There, she published her first book of poetry, “The Sound of One Fork,” in 1981 — a collection of sensuous pieces that evoke her childhood in Alabama. Her sons, then teenagers on their summer break, helped her put copies of the book together, as she wrote in an essay for the Poetry Foundation. Making them, she said, was her favorite memory.
Minnie Bruce Pratt was born on Sept. 12, 1946, in Selma, Ala. Her father, William L. Pratt Jr., worked in the lumber industry. Virginia Earl (Brown) Pratt, her mother, was a social worker and a teacher who once told her that she was disgusted by her daughter’s lesbianism but who later became an ally.
Minnie Bruce was an English major at the University of Alabama when she married Marvin Weaver in 1966. She earned her bachelor’s degree in 1968 and was also a Fulbright scholar. When her husband took the children after their divorce, she was at the University of North Carolina at Chapel Hill working on her Ph.D. in English, which she earned in 1979.
In addition to her son Benjamin, she is survived by her other son, Ransom, and five grandchildren.
Ms. Pratt was the recipient of many awards and grants. A 1990 a fellowship given by the National Endowment for the Arts to her and two other lesbian poets — the Native American writer Chrystos and Audre Lorde — drew criticism from Jesse Helms, the ultraconservative Republican senator from North Carolina, who campaigned to have their grants rescinded. He said that because the three were lesbian writers, their work was obscene and not suitable for federal funding. The N.E.A. disagreed.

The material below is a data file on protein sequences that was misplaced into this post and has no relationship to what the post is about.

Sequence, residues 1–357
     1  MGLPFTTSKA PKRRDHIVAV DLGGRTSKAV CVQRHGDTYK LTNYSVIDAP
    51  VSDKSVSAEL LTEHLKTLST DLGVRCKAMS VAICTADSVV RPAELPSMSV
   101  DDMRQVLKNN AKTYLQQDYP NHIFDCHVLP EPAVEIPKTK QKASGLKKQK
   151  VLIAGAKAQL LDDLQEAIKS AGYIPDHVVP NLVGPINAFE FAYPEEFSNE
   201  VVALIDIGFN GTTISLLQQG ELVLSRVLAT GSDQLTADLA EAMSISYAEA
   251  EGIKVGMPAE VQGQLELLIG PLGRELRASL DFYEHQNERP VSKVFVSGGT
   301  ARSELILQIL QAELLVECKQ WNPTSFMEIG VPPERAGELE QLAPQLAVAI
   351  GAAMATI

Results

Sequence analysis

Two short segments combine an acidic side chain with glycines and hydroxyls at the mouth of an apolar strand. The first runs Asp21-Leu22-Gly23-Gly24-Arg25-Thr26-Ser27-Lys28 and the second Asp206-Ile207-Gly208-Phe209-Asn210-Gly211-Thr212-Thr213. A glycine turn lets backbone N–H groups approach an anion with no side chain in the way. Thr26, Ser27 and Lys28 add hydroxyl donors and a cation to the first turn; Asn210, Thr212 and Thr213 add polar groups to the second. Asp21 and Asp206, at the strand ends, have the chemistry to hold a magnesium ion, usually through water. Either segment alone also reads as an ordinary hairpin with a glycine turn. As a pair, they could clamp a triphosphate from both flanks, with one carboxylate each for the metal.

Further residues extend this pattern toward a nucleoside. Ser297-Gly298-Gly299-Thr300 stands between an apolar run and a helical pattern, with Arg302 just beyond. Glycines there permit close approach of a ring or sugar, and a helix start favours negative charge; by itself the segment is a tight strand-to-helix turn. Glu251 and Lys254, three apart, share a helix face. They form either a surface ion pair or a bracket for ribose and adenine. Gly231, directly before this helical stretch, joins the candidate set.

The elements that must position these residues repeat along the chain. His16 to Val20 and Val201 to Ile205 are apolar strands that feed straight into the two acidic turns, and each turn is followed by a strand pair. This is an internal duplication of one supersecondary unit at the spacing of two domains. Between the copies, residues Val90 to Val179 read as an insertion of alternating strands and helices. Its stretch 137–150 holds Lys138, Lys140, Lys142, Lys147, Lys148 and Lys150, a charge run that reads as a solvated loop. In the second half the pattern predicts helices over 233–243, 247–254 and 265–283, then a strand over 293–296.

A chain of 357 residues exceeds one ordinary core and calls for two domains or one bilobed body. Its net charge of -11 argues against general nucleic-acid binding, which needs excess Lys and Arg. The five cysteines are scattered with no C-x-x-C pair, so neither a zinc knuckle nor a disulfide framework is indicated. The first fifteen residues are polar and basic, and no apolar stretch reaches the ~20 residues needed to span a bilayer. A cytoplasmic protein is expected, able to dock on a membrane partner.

In 1991, the three women won another grant, from the Fund for Free Expression, for being “targets of right-wing forces.”
Until her retirement in 2015, Ms. Pratt was a professor in the writing program and the gender studies department at Syracuse University, where she helped develop its L.G.B.T. studies program. She was the author of eight books of poetry, and her work has been collected in many journals. Her most recent book, “Magnified” (2021), is a collection of love poems to her spouse, the queer author and activist Leslie Feinberg, who died of complications of Lyme disease in 2014 at 65.
Like Feinberg — whose 1993 novel, “Stone Butch Blues,” was lauded for its evocation of gender complexity and considered a touchstone of queer literature — Ms. Pratt wrote eloquently about the “in-between” space, as she called it, that she and Feinberg (who mostly shunned gender honorifics) inhabited as a butch and femme couple.
In “S/he,” which is both an erotic memoir and an investigation into the myriad, shifting expressions of gender, Ms. Pratt writes of a Thanksgiving dinner the couple attended at her son Benjamin and his girlfriend’s house while they were in graduate school. Ms. Pratt was intrigued when no one claimed the seat at the head of the table or stepped up to carve the turkey. Her son clearly hung back. Ms. Pratt ducked out to the bathroom, and when she returned, her spouse was seated next to the empty chair at the head, with the turkey platter in front of them and a carving knife in one hand.
“I’ve never done this before in my life,” Feinberg said, slicing. Mr. Weaver said approvingly, “It took a lot of courage to grasp that knife.” And Ms. Pratt took her place at the head of the table.